The real bias of the press is not that it’s liberal. Its bias is a decided preference for the negative. As scholar Michael Robinson noted, the news media seem to have taken some motherly advice and turned it upside down. “If you don’t have anything bad to say about someone, don’t say anything at all.” A New York Times columnist recently asserted that “the internet is distorting our collective grasp on the truth.” There’s a degree of accuracy in that claim but the problem goes beyond the internet and the talk shows. The mainstream press highlights what’s wrong with politics without also telling us what’s right.
The thing is, though, if you accept that, then negative stories are naturally going to accrue about whoever is in power to the favor of those who are not, and I have not seen actual data on that at all. For example a comparison between the number of “negative” stories about a single Bush administration initiative and those about a single Obama administration one during the same phase of the initiative in the same amount of time.
It would be nigh on impossible to make that direct of a comparison, too, given how other factors influence political coverage (wars, natural disasters, etc).
My general sense that — despite the assertion that overall coverage was negative before it was biased — Republican presidents and candidates get the benefit of the doubt and Democratic ones have to prove themselves is only backed up by having lived through four terms of both and OH YEAH BY EVERYTHING ELSE IN THIS REPORT:
Week after week, Trump got more press attention than did Clinton. Overall, Trump received 15 percent more coverage than she did. Trump also had more opportunities to define Clinton than she had to define him. When a candidate was seen in the news talking about Clinton, the voice was typically Trump’s and not hers. Yet when the talk was about Trump, he was again more likely to be the voice behind the message.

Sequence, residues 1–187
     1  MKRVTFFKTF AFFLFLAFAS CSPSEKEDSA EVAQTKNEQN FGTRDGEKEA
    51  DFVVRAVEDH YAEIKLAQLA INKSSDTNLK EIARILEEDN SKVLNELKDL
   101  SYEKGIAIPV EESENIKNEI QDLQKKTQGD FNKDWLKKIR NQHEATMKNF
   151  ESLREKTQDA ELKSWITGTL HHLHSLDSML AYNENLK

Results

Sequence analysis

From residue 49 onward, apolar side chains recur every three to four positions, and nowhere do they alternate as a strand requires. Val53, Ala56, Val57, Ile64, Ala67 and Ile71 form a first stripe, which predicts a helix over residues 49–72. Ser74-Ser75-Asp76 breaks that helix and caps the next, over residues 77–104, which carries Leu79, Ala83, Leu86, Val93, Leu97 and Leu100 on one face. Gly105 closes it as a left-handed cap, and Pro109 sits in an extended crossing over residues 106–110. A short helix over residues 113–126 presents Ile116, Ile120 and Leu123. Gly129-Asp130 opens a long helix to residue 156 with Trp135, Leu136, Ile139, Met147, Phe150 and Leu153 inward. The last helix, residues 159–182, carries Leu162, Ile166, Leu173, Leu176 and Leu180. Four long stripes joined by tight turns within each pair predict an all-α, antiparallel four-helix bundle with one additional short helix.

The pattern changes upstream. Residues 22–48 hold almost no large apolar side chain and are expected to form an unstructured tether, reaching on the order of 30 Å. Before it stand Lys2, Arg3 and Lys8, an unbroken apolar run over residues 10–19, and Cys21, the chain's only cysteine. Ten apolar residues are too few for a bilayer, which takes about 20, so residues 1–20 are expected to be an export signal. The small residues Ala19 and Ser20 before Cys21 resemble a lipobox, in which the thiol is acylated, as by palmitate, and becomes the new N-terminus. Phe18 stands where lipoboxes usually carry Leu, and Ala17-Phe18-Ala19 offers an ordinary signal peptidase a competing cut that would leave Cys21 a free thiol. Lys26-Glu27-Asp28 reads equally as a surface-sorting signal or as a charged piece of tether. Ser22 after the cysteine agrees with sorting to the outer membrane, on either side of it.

Moreover, bias is toward the EASY, not just the negative:
Journalists’ fondness for polls is no great mystery. Polls are a snap to report and provide a constant source of fresh material. Their influence on election news goes beyond the stories that describe the latest poll results. Poll results increasingly frame the content of other stories, as journalists use them to explain shifts in candidate strategy or the impact of the latest development. When the FBI director announced nine days out from the election that a new batch of Clinton emails had been found, the major story line was the likely impact of the revelation on Clinton’s standing in the polls, which was followed in subsequent days by reports of new polls showing that her support was slipping.
Bias is also toward things that are already accepted as truth. As much as we like to pretend journalists are attracted to the new and different, they’re really not. They are attracted to the new WITHIN THE PARAMETERS OF WHAT THEY ALREADY THINK THEY KNOW.
Therefore, Clinton being “historically unpopular” meant her candidacy could be unpopular in new and exciting ways, but could never be truly popular. It was a self-reinforcing thought loop. Clinton is scandal-prone and here’s a new scandal which makes her scandal-prone!
This isn’t bias, even toward the “negative.” (What exactly would positive coverage of Trump look like, by the way? Even people who voted for him acknowledge he’s an asshole. It’s the core of his appeal.) This is laziness and institutional cowardice and a refusal to reconsider and test every fact in a story even if those facts have appeared before without challenge.
This is accepting the journalistic shorthand that says Republicans are strong and Democrats are weak, Clinton is scandal-prone and Trump is novel (Jesus Christ, Joe McCarthy is suing from hell for copyright infringement), and a hundred thousand other assertions that are just as wrong because we’ve all read them over and over and it’s a keyboard macro at this point.
You don’t deal with that, political bias hardly matters.
From the study:
It’s a version of politics that rewards a particular brand of politics. When everything and everybody is portrayed as deeply flawed, there’s no sense making distinctions on that score, which works to the advantage of those who are more deeply flawed. Civility and sound proposals are no longer the stuff of headlines, which instead give voice to those who are skilled in the art of destruction. The car wreck that was the 2016 election had many drivers. Journalists were not alone in the car, but their fingerprints were all over the wheel.